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Indian property industry facing crisis as large developers face even worse profit figures

Such has been the impact of the downturn that the realty index of the Bombay Stock Exchange, regarded as an indicator of investor mood for the industry, has fallen more than 25% in the past month and over 75% in the past year.

'It's just an indicator of a long-term crisis. Developers went overboard on land acquisition without paying attention to the delivery of projects. Now their money is blocked in lands,' said Santosh Kumar, chief operating officer and director of Jones Lang Lasalle Meghra.

The trouble faced by the real estate developers was also reflected in their second-quarter results reported last week, where company after company had to contend with a drop in profits.

Major developer DLF, which raised over $2 billion in what was then the largest-ever initial public offering in India, suffered a 4% drop in consolidated net profits for the July to September quarter last year.

Others suffered the same fate. Unitech saw a 12% decline in net profit, while for Parsvnath Developers, it was the second straight quarter of decline, with a dip of 78.6% and Delhi based, Omaxe, which is also facing turbulent times for the second straight quarter, reported an 87.3% decline.

'Real estate continues to face tight monetary conditions that have had an impact on the sector. If restrictive conditions continue, we expect the industry outlook to weaken further,' a spokesman for DLF said in a statement.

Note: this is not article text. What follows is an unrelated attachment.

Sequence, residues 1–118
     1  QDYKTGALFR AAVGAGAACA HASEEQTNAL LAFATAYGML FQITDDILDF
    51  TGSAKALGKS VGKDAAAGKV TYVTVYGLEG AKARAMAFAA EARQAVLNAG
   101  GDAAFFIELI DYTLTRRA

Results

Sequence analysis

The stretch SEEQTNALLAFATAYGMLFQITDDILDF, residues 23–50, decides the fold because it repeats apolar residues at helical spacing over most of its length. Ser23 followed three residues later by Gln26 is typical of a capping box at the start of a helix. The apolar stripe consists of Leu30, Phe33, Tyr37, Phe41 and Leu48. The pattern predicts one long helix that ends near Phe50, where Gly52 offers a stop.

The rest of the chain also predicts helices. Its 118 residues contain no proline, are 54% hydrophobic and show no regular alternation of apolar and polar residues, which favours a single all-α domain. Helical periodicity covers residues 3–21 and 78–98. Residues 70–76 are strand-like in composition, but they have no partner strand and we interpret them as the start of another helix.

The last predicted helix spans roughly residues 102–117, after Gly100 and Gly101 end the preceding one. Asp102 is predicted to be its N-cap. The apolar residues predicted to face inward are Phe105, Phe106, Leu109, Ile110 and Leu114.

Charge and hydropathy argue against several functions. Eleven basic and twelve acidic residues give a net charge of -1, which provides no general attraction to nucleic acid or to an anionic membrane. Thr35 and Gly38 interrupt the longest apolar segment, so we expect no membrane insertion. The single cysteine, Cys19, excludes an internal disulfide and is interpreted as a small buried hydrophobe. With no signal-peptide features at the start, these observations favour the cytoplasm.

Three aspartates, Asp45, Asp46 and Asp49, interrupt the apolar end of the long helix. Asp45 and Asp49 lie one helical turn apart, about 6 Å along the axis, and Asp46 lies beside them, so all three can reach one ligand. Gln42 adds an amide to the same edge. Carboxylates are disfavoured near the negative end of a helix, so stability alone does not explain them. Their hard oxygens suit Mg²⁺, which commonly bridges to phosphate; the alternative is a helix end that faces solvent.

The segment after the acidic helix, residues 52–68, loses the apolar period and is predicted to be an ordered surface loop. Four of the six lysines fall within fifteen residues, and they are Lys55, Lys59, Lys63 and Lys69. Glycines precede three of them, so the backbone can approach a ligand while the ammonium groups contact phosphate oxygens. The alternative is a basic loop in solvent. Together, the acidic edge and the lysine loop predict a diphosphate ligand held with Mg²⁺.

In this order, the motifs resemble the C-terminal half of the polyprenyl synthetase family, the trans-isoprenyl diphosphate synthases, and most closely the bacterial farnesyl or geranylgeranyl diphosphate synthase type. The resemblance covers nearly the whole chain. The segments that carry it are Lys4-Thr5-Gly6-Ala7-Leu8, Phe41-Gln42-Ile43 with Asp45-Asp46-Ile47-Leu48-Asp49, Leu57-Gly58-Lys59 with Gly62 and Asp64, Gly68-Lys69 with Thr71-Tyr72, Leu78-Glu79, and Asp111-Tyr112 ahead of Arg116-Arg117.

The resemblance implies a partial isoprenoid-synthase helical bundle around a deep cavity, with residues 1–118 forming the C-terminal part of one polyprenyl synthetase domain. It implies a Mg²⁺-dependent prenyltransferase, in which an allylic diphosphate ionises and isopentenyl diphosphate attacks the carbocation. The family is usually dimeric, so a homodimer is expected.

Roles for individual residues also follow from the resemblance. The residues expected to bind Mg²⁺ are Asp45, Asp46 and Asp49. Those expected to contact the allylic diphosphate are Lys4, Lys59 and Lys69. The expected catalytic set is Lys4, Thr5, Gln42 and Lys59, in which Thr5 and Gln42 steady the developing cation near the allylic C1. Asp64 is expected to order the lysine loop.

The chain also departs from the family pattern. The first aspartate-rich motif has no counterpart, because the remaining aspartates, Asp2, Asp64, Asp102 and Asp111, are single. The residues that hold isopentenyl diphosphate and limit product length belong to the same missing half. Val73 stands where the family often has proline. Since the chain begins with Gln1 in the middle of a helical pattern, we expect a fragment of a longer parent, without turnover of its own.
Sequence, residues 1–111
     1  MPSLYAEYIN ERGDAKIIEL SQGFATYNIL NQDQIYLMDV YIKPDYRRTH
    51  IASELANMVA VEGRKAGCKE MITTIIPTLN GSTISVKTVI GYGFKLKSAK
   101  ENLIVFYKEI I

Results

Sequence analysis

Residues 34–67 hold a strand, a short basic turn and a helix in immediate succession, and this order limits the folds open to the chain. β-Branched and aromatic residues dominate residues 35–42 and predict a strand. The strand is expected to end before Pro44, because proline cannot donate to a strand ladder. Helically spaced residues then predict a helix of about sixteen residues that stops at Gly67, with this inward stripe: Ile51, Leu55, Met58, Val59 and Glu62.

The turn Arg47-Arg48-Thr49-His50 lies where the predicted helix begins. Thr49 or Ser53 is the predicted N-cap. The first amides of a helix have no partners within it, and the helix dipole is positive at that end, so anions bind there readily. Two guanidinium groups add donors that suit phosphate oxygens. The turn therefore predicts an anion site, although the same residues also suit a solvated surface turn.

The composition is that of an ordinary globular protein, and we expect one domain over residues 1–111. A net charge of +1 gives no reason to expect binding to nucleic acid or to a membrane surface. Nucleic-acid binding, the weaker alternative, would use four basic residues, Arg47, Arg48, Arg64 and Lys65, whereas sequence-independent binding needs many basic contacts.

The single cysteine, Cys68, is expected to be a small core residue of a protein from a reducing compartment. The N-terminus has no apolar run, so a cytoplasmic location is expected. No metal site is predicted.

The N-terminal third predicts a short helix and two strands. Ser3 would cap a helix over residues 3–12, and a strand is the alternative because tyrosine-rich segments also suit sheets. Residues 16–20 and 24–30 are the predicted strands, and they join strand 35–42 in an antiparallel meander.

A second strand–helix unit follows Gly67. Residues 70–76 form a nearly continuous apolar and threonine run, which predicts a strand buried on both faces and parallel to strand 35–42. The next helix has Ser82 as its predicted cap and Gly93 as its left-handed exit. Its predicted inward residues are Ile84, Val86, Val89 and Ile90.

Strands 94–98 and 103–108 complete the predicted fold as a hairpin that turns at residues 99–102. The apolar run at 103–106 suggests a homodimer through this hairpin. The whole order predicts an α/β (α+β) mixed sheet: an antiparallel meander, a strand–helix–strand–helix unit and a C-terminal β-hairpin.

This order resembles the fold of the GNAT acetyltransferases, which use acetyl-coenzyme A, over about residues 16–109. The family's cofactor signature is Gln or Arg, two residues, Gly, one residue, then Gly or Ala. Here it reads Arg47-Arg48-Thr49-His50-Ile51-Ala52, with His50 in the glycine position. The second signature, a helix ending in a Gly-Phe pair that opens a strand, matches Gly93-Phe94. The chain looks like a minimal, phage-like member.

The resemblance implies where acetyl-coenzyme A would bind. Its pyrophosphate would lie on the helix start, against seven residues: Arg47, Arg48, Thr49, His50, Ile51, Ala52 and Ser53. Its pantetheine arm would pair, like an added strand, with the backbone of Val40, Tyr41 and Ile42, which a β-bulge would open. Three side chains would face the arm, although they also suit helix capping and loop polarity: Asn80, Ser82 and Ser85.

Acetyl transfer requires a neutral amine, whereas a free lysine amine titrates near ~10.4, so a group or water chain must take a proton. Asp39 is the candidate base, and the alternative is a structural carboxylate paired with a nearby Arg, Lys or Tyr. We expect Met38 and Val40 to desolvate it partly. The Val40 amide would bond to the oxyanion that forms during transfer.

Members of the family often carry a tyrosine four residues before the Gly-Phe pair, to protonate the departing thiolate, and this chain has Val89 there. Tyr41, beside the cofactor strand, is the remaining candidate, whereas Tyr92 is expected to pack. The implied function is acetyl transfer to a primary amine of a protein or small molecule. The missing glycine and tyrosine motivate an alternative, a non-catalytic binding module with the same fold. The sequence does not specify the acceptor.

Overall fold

The developers are hoping that a reduction in construction costs because of falling raw material prices will them maintain product margins in challenging times.

According to analysts it is a sign of desperation that these large companies are now acknowledging the impact of the economic downturn. 'These companies were in denial mode. Now, they have started to acknowledge it probably because the next round of figures will be even worse,' said Anil Chawla of DE Shaw, leading private equity investors in the real estate sector.

Experts do not foresee any upturn in the immediate future, though the government and the central bank have been taking steps to infuse additional liquidity into the system, especially for sectors like housing.

'The realty sector needs a reality check for itself. I feel that the realty sector will go for price cut up to 30 to 40%. Prices must match market demand and developers cannot just blindly quote prices,' said Chawla.

'This situation seems likely to persist for another 8 to10 months at least. Most of the projects are getting delayed and buyers are not showing interest,' said Sanjay Verma of Cushman and Wakefield.